I’m very pleased to release D365 Posts Bot today! This is the finished article from my earlier series of blog posts on creating a bot to link posts from D365 through to Teams and back again.
Now we’ve got our bot sending out notifications, we want to be able to handle a reply from the user and add it back into D365 as a new post. The adaptive card notification lets the user reply via an embedded form. This makes it nice and neat. When the user fills in this form […]
Now I’ve got my bot sending notifications to Teams, but the display of the messages left something to be desired. This is where Adaptive Cards comes in.
Now we’ve got a notification when a new post is added, we need to figure out who to notify about it. This is the process I’ve come up with:
Now we’ve got the infrastructure sorted for the bot talking to Teams and getting it installed for users, we need to start letting it know when something interesting happens in D365 so the bot can send messages out to users. Enter the WebHook.
Last time I proved I could send a proactive message to myself, but I needed my user ID that I could only get after I’d started a conversation with the bot. For my real-life scenario I need to be able to push notifications to users that haven’t interacted with my bot before.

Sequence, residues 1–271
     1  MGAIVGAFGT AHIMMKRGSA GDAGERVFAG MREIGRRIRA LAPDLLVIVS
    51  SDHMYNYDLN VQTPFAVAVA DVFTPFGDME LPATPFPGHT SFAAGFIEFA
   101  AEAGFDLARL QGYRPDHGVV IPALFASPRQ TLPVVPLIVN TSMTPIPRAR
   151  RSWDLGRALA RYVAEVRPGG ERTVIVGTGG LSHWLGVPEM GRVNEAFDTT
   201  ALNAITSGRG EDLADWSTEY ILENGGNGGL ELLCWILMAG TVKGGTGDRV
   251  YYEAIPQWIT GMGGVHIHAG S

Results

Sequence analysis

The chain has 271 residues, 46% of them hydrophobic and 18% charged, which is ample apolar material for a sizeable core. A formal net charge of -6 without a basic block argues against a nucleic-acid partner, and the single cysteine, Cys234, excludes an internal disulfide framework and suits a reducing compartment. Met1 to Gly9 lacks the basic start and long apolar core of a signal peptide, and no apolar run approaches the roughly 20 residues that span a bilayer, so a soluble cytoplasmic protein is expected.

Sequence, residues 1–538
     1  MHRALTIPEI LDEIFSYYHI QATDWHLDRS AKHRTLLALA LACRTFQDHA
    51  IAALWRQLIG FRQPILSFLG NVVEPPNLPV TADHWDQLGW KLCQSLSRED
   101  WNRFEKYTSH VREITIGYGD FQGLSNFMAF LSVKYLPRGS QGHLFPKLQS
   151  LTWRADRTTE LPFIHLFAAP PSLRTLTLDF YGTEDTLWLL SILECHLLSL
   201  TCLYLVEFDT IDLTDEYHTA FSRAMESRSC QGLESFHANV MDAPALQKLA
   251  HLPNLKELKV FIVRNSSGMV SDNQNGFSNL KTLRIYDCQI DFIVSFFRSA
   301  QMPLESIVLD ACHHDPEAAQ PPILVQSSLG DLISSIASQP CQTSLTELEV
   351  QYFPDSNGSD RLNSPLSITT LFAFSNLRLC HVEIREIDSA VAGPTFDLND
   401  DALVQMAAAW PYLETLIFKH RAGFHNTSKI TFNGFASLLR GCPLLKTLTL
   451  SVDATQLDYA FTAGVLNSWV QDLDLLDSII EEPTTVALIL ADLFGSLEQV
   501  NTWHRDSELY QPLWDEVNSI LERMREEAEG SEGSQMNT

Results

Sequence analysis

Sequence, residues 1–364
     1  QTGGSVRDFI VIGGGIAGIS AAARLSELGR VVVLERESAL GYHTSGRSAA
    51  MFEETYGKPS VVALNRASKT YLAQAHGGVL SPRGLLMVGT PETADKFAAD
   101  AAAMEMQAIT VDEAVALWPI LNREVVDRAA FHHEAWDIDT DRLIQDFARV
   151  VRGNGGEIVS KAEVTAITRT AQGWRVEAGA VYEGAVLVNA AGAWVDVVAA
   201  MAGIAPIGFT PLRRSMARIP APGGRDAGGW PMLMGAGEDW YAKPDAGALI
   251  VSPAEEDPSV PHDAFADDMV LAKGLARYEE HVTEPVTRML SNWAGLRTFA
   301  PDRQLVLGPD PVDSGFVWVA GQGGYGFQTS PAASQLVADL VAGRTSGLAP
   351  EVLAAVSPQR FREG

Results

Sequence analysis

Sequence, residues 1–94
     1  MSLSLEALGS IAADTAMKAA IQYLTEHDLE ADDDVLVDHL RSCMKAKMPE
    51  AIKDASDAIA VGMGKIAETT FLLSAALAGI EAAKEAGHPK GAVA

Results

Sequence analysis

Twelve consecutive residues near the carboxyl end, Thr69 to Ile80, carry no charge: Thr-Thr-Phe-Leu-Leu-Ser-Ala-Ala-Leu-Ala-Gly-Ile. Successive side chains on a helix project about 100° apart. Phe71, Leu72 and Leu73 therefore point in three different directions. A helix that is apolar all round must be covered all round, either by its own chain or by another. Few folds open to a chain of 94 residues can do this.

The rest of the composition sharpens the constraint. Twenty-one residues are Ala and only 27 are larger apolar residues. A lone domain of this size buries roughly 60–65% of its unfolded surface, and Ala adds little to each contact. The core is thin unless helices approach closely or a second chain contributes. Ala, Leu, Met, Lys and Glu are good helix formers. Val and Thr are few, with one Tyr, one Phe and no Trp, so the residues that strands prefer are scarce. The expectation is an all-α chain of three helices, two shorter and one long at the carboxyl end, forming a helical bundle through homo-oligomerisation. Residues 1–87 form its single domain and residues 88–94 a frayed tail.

Last time we managed to get everything we need to push messages to a user by having them install our app in Teams, but to make this really seamless it would be better to push the app out to users automatically.
The key thing I want to do with my bot is to push messages out to users when something happens in D365, not just in response to the user sending a message to the bot. This was the part I was unsure of, but a bit of searching gives me the key phrase Proactive Messages. […]
Before I make any progress with the real logic of my new bot, I need to get the basics set up. I first need to create a simple bot and be able to interact with it from Teams. This is where the whole Azure Bot Framework really shines – I need to know just about […]
At Data8 we’ve successfully used posts on CRM records for some time to share updates. The problem was that people didn’t know when someone had written a post, so they would resort to email instead.